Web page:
Here's some background on what Turkey is doing:

The Turkish Electricity Trading and Contracting Co. Inc. (TETAŞ) will accept the bids, after which the Turkish Atomic Energy Agency (TAEK) will conduct an inspection to ascertain if the applicants meet the necessary technical and financial requirements. TETAŞ will select one company among the bidders and will submit the name of this company to the Cabinet for approval.

The ministry will assign the winning company suitable land free of charge. In addition to this, the company will also be given a guarantee that the state will purchase electricity from it until 2031 at a specified minimum price to prevent operating losses.

See the site for a full article. Nuclear energy may may not have created any tumult beyond the usual suspects, but if any of our Turkish friends visits the site, perhaps they can comment further.

Comments

djysrv said…
I've covered Turkey's plans for nuclear energy in detail including the evolution of the currently released tender. The country current political leadership has invested a lot in building a policy and business case for three reactors and to supply 20% of the nation's electricity from nuclear energy.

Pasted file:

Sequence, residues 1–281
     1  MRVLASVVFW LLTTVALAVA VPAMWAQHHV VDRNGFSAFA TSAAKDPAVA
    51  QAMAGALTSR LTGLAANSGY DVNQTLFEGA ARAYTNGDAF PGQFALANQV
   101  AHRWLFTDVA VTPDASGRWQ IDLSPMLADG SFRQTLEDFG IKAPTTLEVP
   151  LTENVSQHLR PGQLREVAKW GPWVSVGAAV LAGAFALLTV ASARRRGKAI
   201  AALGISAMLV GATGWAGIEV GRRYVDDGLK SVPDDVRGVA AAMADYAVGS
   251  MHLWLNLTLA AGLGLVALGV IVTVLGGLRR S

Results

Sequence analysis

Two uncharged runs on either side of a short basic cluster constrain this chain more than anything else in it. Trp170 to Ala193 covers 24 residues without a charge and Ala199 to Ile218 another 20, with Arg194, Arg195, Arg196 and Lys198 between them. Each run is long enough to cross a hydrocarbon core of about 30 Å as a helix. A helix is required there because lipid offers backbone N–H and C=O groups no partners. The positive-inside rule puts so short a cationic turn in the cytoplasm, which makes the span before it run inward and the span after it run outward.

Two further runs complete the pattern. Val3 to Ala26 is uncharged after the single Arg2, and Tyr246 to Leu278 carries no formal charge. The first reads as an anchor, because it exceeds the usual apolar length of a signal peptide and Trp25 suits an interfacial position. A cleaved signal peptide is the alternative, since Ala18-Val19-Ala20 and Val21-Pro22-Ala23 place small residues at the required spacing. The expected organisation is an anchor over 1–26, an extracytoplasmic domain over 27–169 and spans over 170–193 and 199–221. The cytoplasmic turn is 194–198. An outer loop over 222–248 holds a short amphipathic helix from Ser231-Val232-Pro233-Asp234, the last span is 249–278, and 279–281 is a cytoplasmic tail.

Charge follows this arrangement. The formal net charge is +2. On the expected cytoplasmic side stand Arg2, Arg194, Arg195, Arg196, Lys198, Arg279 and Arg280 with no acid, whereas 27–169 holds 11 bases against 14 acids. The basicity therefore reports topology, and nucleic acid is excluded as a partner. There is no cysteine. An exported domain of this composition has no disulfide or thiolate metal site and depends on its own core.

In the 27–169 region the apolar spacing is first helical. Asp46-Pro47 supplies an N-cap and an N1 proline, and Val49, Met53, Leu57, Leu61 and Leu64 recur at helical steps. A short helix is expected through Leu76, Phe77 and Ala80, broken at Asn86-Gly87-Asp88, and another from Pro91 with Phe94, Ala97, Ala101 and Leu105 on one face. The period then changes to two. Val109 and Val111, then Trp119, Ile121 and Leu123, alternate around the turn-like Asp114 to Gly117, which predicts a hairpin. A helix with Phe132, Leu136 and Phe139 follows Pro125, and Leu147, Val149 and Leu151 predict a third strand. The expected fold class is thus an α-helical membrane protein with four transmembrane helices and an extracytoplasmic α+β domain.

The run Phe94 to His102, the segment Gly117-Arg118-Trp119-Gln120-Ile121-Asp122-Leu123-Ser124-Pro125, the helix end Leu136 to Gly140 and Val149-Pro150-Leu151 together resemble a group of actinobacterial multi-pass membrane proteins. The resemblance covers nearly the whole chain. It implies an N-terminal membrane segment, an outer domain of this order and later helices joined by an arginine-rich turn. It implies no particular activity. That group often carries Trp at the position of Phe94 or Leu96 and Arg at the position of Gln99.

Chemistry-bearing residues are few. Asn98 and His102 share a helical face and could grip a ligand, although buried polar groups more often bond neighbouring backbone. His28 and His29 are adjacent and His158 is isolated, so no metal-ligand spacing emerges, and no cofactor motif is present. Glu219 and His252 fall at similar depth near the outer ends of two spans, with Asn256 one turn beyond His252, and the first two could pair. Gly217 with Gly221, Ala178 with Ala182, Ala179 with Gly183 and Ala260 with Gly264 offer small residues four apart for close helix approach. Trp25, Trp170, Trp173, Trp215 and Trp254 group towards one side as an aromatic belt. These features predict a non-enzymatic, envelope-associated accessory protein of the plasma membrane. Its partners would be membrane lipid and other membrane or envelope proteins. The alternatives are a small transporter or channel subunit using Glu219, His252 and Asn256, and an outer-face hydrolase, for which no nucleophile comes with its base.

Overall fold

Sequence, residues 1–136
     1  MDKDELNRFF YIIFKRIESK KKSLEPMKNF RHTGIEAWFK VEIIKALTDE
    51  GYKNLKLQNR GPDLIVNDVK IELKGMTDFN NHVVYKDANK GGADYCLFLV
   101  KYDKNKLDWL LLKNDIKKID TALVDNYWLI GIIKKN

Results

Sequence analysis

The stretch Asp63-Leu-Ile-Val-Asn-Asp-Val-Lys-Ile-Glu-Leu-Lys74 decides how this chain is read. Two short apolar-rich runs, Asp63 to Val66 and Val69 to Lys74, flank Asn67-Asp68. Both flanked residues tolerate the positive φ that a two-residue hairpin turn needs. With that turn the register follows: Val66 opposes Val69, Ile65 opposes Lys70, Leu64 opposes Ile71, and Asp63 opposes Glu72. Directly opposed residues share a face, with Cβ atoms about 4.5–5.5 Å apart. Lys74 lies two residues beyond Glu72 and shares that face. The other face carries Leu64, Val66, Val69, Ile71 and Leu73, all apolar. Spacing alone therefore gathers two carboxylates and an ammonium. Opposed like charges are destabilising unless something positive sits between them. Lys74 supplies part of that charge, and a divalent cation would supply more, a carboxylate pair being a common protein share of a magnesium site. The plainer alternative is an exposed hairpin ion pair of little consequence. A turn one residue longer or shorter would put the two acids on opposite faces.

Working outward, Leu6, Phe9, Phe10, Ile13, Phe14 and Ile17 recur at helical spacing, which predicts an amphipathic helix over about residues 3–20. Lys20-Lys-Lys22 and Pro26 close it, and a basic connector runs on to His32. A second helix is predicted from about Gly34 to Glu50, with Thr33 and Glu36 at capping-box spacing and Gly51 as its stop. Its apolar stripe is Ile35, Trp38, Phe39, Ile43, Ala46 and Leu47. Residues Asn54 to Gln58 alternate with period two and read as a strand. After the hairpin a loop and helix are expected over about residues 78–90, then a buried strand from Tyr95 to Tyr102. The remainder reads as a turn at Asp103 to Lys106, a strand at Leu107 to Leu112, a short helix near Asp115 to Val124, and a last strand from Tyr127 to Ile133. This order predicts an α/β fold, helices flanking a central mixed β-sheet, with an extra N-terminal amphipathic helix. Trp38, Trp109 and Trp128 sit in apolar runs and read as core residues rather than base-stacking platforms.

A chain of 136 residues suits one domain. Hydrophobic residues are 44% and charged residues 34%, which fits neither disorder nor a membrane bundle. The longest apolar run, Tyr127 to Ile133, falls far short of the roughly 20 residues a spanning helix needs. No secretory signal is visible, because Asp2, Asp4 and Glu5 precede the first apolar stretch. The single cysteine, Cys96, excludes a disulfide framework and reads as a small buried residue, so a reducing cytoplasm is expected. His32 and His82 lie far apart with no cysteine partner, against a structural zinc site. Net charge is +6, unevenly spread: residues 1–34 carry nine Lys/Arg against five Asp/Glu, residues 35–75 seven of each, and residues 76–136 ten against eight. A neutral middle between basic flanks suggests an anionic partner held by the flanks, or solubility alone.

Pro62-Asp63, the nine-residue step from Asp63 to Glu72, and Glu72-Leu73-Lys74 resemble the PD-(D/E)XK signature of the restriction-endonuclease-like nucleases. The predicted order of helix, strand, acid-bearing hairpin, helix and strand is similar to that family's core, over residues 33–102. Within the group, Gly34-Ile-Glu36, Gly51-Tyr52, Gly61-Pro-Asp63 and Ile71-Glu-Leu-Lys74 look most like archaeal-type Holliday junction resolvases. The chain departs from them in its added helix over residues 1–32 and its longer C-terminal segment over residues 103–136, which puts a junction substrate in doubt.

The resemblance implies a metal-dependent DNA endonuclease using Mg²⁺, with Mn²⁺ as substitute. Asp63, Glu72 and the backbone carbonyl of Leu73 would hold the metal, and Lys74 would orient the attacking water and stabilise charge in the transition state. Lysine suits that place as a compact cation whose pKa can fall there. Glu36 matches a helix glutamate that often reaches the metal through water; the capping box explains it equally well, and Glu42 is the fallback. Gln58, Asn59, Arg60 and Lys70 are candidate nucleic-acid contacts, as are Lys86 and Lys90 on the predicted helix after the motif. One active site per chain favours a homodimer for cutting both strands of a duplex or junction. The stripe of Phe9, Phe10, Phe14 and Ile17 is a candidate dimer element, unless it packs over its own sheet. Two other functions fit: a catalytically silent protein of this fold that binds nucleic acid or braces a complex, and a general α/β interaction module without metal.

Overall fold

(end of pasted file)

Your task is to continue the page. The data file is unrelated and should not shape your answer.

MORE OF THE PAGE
http://djysrv.blogspot.com/2008/01/turkey-plans-5-gwe-8-billion-nuclear.html

http://djysrv.blogspot.com/2008/03/turkey-calls-for-bids-on-three-nuclear.html

Popular posts from this blog

How Nanomaterials Can Make Nuclear Reactors Safer and More Efficient

The following is a guest post from Matt Wald, senior communications advisor at NEI. Follow Matt on Twitter at @MattLWald.

From the batteries in our cell phones to the clothes on our backs, "nanomaterials" that are designed molecule by molecule are working their way into our economy and our lives. Now there’s some promising work on new materials for nuclear reactors.

Reactors are a tough environment. The sub atomic particles that sustain the chain reaction, neutrons, are great for splitting additional uranium atoms, but not all of them hit a uranium atom; some of them end up in various metal components of the reactor. The metal is usually a crystalline structure, meaning it is as orderly as a ladder or a sheet of graph paper, but the neutrons rearrange the atoms, leaving some infinitesimal voids in the structure and some areas of extra density. The components literally grow, getting longer and thicker. The phenomenon is well understood and designers compensate for it with a …